Everyone knows that work isn't simply about working. Like office politics, office games are as much a part of the warp and weft of our communal working lives as memos and meetings. And what would that life be like without the colleague whose huge collection of black paperclips creates a bizarre currency round the office, or the secretary whose hidden agenda during meetings is to get the boss to say "jodhpurs"?
Everyone has their own personal highlights. One press officer I know becomes quite animated about the daft games she's participated in down the years, such as the April Fool's memo announcing a staff uniform, with details down to the length and cut of shorts allowed in summer - but only when the thermometer hits 78 degrees. Not to mention the Versace dress they made out of bubblewrap and plastic clips, and the time her boss leapt out of his office in a wet suit and flippers.
Silly? Perhaps. Time-wasting? Not so, argues Cary Cooper, professor of organisational psychology at Manchester's Umist. "We don't have enough fun at work," he asserts. "We have the longest working hours in Europe, and work has become a drudge for a lot of people. People feel that morale isn't good."
Indeed, an Institute of Management survey looking at the quality of working life of 5,000 managers got a mixed response to its question about whether they have fun at work. Though 18 per cent of chairmen, 48 per cent of chief executives and 27 per cent of directors agreed that they did, 5 per cent of senior managers and 12 per cent of middle and junior managers disagreed. So it may be a laugh a minute at the top, but for the rest of us office life can be a misery.
Anything that releases tension is a good idea, Prof Cooper believes, whether it's wearing a silly hat to work or posting jokes to colleagues by e-mail. "Some people think it's counter-productive, but I'd say the opposite. I think it adds to productivity by lightening up the pressure. When managers say fun isn't what we're about, they're missing the point; staff aren't automatons, they're human beings and they need a bit of laughter in their lives."
The stress consultant Robert Holden thinks fun and games in the office shouldn't be left to chance. He recommends companies to set up fun committees, comedy clubs and laughter rooms as part of a systematic humour programme.
"Happy people produce happy results," says Mr Holden, "Fun inspires creativity, innovation and ideas. Companies pay heavily for an absence of mirth in the workplace, because this is a tell-tale sign of too much negative stress.
No work team can function fully without humour." It also boosts self- esteem, morale and team spirit, he believes, as well as creating energy and determination.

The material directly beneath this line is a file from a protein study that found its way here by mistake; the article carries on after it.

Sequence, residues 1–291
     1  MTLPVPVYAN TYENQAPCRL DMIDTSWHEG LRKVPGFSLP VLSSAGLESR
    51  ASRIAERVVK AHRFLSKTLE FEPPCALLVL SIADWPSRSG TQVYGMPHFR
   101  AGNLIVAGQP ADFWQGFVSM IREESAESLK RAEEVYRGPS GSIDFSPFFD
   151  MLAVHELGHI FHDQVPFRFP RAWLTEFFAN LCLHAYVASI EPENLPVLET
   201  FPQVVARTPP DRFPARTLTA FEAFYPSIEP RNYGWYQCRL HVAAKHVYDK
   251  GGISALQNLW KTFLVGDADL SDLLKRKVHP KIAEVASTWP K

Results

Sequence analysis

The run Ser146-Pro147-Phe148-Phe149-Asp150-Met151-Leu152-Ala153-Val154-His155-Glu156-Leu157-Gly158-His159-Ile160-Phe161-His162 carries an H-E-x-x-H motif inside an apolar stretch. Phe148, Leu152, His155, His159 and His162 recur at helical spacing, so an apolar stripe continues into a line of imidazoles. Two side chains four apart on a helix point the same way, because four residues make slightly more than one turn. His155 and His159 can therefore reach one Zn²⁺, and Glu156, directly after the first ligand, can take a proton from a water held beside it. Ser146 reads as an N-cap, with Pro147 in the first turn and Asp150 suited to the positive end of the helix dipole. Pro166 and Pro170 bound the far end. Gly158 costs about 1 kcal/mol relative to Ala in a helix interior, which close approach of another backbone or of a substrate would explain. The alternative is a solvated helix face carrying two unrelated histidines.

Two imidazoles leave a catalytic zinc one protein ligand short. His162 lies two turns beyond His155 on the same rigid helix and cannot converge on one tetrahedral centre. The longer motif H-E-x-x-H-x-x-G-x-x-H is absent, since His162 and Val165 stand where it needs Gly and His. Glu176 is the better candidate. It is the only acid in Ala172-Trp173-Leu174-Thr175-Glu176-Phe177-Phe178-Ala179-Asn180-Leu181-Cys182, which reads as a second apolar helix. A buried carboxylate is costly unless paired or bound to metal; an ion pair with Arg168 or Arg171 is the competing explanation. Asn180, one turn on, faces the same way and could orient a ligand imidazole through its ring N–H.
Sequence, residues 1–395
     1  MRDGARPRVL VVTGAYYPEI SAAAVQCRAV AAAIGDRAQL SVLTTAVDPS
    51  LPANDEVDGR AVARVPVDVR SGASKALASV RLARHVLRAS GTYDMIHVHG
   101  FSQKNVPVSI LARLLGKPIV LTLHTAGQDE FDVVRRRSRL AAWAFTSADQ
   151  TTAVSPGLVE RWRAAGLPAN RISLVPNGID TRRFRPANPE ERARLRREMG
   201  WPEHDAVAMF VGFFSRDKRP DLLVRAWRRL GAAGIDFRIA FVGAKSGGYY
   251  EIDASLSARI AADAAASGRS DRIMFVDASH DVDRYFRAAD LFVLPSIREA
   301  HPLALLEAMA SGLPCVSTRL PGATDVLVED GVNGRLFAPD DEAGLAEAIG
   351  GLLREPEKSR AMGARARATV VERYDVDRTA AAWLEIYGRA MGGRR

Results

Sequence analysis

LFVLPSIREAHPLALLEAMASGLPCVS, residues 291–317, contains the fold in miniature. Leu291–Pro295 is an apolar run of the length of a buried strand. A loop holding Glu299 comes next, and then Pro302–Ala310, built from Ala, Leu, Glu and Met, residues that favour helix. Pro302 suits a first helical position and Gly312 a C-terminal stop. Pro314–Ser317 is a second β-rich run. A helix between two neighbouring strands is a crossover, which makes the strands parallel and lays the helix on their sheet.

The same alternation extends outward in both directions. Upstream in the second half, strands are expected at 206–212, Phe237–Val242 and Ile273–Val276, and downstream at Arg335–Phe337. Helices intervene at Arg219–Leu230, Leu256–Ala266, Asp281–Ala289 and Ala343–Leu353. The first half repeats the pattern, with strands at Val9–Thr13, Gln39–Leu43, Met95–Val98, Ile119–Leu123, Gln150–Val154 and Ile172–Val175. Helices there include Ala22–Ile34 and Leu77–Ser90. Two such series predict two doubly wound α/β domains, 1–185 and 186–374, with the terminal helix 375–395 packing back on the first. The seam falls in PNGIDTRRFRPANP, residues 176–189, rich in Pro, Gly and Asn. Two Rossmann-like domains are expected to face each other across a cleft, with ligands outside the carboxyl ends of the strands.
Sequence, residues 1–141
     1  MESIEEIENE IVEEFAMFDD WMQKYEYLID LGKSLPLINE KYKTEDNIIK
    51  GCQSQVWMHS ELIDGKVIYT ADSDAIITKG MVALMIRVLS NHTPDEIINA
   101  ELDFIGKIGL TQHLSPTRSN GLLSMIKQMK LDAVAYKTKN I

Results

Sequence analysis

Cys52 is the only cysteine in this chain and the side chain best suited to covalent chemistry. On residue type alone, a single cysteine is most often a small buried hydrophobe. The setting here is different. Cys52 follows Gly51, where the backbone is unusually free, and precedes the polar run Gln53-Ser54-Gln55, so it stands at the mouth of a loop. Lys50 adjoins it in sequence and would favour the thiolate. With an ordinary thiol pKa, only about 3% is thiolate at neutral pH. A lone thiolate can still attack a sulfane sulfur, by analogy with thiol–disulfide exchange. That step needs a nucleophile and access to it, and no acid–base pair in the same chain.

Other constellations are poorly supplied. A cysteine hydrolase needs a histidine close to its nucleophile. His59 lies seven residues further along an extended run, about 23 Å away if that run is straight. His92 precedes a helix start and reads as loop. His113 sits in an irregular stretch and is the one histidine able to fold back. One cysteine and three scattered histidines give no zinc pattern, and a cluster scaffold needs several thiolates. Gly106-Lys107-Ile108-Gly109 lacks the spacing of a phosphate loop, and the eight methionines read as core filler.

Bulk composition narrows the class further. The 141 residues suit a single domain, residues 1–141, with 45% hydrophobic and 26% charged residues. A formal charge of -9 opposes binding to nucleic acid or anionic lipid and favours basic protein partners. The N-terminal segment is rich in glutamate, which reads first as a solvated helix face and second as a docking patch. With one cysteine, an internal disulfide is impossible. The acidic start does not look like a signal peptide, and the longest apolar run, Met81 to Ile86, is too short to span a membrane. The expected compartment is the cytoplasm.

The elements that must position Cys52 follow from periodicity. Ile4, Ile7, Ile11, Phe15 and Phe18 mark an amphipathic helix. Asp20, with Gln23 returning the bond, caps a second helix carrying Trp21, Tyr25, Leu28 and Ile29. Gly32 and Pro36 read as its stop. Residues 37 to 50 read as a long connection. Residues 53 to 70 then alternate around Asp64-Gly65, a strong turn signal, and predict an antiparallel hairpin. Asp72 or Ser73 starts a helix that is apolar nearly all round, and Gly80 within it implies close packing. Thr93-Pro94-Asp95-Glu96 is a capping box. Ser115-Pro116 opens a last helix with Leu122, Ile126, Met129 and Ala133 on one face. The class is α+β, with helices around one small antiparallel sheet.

For companies that feel making their own mirth is beyond them, there are people who can help. The Oxford-based Happiness Project, for instance, offers seminars, courses and tailored events to help staff lighten up and bring more joy and laughter into the workplace. Customers include blue-chip companies with an otherwise sensible image, such as BT, Body Shop, Barclaycard and Sony.
"We look to bring more humour and happiness into the workplace, to make it a more joyful and stimulating environment," says Ben Renshaw, the associate director, whose own office boasts a laughing mirror, a singing teddy bear and taped applause. "There are benefits to the games and practical jokes people play. It makes the environment more fun and that's very healthy."
We suffer today from a plague of over-seriousness, he believes. "Everything is so earnest, which causes a lot of the anxiety that leads to stress. We tend to equate professionalism with being serious, but in fact people's work will improve if they are enjoying the process and having fun."
That said, you do need to use common sense and make sure that office antics don't get out of hand. Your boss won't be so amused if he sees you playing pranks in front of or on clients, for instance, or if you spend all day making merry to the exclusion of doing any work. Equally important is to see that office games don't add to the tensions and pressures in the workplace, rather than relieve them, warns Prof Cooper.
"It's one thing if you're just bored and want to brighten up your day - that's healthy - quite another if it's malicious or vindictive, or at the expense of someone else's sense of self. You need to make sure that these things don't create cliques or antagonism, or you'll get breakdowns in relationships and the working environment."
Watch out, too, for bosses. If yours has a great sense of humour, all the better, but you tread a thin line and games mustn't go so far as to break down the basic level of respect. Basically, if the boss isn't laughing with you, you'd be well advised to wipe the smirk off your face and get your head down - before you're handed your P45 and find the joke's on you.Reuse content